The Office of General Counsel issued the following opinion on April 17, 2003, representing the position of the New York State Insurance Department.
Re: Licensing of a Limited Liability Company
May a non-member, non-manager "officer" of a limited liability company ("LLC") that seeks to be licensed as an insurance agent or broker be the sublicensee of said LLC?
No, a person who is called an "officer" of an LLC may not be a sublicensee.
XYZ Investment Services, LLC ("XYZ") wishes to be licensed as an insurance "producer" (insurance agent and/or broker) in New York. XYZ is a single-member LLC, the sole member being ABC Insurance Company. XYZ is a member-managed LLC. Accordingly, it does not have any managers.
N.Y. Insurance Law § 2103(c) and (d) (McKinney 2000) provides that, as regards the issuance of an insurance agents license:
(c) Any such license issued to a firm or association shall authorize only the members thereof, named in such license as sub-licensees, to act individually as agents thereunder, and any such license issued to a corporation shall authorize only the officers and directors there, named in such license as sub-licensees, to act individually as agents thereunder. Every sub-licensee, acting as insurance agent pursuant to such a license shall be authorized so to act only in the name of the licensee.
(d) Every individual applicant for a license under this section and every proposed sub-licensee shall be eighteen years of age or over at the time of the issuance of such license.
Similar provisions in N.Y. Insurance Law Section 2104(b) and (c)(1) govern the issuance of insurance broker licenses. New York Insurance Law 107(a)(20) (McKinney Supp. 2003) defines a "firm" as "a partnership, limited or unlimited, general or special."
Any licensee that is not a natural person must have one or more sublicensees, all of which must be natural persons at least eighteen years of age. For a corporation, the sublicensee must be an officer or director; for a firm or association, the sublicensee must be a member. N.Y. Ins. Law § 2103(d) and 2104(c)(1).
Although Sections 2103 and 2104 have not been amended to deal with the licensing of the new business form of the LLC, this Department has taken the position that managers and members of an LLC are equivalent to directors or officers of a corporation or members of a firm. Directors and officers of a corporation, members of a firm, and members and managers of LLCs have roles under New York law regarding their entities that are defined by statute. They are not simply employees of the entity. In the situation presented here, however, XYZ is not manager-managed and its sole member is a corporation (ABC Insurance Company.)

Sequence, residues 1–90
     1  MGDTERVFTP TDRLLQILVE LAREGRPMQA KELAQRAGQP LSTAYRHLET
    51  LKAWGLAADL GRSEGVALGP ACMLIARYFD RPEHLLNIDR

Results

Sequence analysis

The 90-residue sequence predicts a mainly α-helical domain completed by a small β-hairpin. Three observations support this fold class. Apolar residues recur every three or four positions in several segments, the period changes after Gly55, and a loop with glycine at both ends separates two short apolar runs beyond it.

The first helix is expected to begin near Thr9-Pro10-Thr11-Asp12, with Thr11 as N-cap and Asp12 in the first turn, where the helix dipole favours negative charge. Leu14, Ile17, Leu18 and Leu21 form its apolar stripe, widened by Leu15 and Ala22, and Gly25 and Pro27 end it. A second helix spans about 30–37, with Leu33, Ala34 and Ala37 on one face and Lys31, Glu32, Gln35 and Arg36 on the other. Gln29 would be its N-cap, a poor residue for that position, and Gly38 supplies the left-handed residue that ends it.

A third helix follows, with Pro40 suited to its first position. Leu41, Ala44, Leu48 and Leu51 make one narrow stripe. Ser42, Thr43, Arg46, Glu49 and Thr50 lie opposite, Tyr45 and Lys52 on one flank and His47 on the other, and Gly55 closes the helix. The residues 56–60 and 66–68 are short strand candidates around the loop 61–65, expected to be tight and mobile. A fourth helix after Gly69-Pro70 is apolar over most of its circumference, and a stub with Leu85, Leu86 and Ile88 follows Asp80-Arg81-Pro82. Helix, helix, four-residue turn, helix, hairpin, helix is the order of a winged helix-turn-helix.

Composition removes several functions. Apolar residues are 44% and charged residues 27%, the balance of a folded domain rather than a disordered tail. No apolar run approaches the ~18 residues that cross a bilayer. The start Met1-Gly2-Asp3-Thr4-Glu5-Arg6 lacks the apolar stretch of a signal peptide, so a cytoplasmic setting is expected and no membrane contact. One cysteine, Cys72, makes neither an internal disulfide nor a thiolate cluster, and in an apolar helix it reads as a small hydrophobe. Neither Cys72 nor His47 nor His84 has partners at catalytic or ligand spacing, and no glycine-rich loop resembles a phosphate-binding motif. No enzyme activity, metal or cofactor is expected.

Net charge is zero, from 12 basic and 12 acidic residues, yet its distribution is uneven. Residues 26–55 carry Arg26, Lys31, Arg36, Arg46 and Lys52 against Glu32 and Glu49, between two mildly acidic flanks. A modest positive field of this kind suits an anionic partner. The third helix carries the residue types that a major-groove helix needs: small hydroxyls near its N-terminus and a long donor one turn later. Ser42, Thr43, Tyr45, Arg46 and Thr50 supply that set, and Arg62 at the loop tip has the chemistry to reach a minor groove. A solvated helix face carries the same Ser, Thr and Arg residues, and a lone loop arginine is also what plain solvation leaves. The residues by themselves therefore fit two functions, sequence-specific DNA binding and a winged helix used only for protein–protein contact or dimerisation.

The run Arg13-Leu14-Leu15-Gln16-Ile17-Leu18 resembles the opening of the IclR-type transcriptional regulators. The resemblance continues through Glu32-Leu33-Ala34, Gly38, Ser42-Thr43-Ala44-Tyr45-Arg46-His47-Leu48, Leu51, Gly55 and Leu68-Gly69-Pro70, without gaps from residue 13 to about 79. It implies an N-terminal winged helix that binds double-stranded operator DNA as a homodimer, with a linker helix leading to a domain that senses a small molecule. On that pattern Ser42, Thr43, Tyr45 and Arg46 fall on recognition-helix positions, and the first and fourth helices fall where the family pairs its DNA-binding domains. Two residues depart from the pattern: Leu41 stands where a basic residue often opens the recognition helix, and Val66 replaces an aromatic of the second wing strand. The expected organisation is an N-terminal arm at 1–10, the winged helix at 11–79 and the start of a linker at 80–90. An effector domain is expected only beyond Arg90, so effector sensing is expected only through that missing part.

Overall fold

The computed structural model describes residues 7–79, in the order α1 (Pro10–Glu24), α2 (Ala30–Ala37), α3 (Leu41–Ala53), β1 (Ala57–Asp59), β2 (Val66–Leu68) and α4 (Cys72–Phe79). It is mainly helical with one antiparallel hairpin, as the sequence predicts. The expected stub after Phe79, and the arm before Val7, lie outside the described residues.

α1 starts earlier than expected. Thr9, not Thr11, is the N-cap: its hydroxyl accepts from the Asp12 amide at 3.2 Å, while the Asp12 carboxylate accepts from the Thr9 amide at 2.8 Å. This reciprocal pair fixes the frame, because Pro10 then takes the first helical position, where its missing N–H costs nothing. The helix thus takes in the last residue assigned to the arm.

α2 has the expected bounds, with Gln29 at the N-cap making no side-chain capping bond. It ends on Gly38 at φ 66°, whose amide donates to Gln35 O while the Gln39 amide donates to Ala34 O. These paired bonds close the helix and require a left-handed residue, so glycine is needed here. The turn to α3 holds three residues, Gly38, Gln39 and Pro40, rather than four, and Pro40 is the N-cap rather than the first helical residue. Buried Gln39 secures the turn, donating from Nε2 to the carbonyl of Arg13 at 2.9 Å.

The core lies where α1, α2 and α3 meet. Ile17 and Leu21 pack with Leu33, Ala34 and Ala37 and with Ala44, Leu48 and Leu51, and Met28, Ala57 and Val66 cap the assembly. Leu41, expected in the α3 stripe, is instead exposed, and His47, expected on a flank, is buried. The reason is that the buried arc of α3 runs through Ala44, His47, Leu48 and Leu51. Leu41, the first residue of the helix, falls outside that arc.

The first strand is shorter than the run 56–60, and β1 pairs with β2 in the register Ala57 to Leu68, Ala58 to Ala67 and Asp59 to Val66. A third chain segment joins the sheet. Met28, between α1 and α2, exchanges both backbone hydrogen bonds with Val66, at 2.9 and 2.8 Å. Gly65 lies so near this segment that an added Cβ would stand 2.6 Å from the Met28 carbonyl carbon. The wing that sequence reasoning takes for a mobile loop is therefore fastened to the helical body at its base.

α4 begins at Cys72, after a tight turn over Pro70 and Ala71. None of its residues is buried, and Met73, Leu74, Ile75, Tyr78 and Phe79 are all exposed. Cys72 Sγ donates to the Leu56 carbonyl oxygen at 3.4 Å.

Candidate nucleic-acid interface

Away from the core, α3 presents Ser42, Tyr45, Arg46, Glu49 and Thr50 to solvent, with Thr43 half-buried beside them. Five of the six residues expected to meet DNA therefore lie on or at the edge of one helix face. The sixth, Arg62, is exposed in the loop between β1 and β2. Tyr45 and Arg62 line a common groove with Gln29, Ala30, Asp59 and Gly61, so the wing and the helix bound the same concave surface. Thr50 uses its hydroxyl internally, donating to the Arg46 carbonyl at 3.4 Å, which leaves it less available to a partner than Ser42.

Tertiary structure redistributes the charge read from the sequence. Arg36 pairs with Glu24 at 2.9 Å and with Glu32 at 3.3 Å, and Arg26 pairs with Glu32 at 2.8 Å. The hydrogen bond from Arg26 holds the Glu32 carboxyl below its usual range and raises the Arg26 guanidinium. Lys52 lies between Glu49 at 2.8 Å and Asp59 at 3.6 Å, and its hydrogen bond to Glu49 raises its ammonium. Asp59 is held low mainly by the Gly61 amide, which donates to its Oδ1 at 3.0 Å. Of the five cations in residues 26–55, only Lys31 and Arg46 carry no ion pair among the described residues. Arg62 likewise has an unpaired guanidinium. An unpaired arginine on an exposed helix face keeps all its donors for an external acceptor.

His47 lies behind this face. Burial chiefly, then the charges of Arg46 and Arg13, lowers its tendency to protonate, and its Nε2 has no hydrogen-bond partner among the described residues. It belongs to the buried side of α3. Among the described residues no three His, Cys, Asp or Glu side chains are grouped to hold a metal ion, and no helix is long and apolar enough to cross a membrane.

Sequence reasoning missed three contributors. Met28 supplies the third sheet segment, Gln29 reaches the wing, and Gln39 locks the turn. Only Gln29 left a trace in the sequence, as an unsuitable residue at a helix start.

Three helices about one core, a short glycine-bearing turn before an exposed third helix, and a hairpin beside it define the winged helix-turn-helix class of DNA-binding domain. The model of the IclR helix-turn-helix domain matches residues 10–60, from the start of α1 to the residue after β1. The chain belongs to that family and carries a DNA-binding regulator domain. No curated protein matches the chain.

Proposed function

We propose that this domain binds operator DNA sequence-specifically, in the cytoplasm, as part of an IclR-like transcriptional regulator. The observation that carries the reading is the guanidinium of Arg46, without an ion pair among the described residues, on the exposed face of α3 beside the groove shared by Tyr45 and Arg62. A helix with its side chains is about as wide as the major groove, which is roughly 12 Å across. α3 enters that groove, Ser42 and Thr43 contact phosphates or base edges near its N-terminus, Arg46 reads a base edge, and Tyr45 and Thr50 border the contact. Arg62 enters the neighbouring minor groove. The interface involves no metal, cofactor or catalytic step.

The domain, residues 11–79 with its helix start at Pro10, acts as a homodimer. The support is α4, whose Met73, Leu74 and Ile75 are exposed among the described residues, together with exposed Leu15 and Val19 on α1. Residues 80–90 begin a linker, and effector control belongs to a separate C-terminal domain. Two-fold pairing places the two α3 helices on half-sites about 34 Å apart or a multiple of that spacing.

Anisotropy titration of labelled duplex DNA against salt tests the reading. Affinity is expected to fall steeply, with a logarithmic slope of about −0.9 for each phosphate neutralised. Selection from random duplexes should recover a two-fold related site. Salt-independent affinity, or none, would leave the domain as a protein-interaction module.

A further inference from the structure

Wisconsin Statutes Section 183.0401 provides as follows:
1) Unless the articles of organization vest management of a limited liability company in one or more managers, management of the limited liability company shall be vested in the members, subject to any provision in an operating agreement or this chapter restricting or enlarging the management rights and duties of any member or group of members.
2) If the articles of organization vest management of a limited liability company in one or more managers, management of the business or affairs of the limited liability company shall be vested in the manager or managers, subject to any provisions in an operating agreement or this chapter restricting or enlarging the management rights and duties of any manager or group of managers. Unless otherwise provided in an operating agreement, the manager or managers:
(a) Shall be designated, appointed, elected, removed or replaced by a vote of the members that meets the requirements under section 183.0404 (1)(a).
(b) Need not be members of the limited liability company or individuals.
(c) Shall hold office until a successor is elected and qualified, or until prior death, resignation or removal.
We thus see no authorization in Wisconsin law for LLCs to have either "officers" or "directors", just as there is no authorization in New York law for an LLC to have "officers" or "directors." In the absence of such statutory authorization, we do not believe that persons an LLC chooses to describe as "officers" or "directors" have any legal status other than being employees of the LLC. Since N.Y. Insurance Law Sections 2103 and 2104 do not allow ordinary employees to be sublicensees, employees designated as "officers" or "directors" of LLCs (in the absence of statutory authorization) should not be considered to be eligible to be sublicensees.
For further information you may contact Associate Attorney Patrick M. Harrigan at the Albany Office.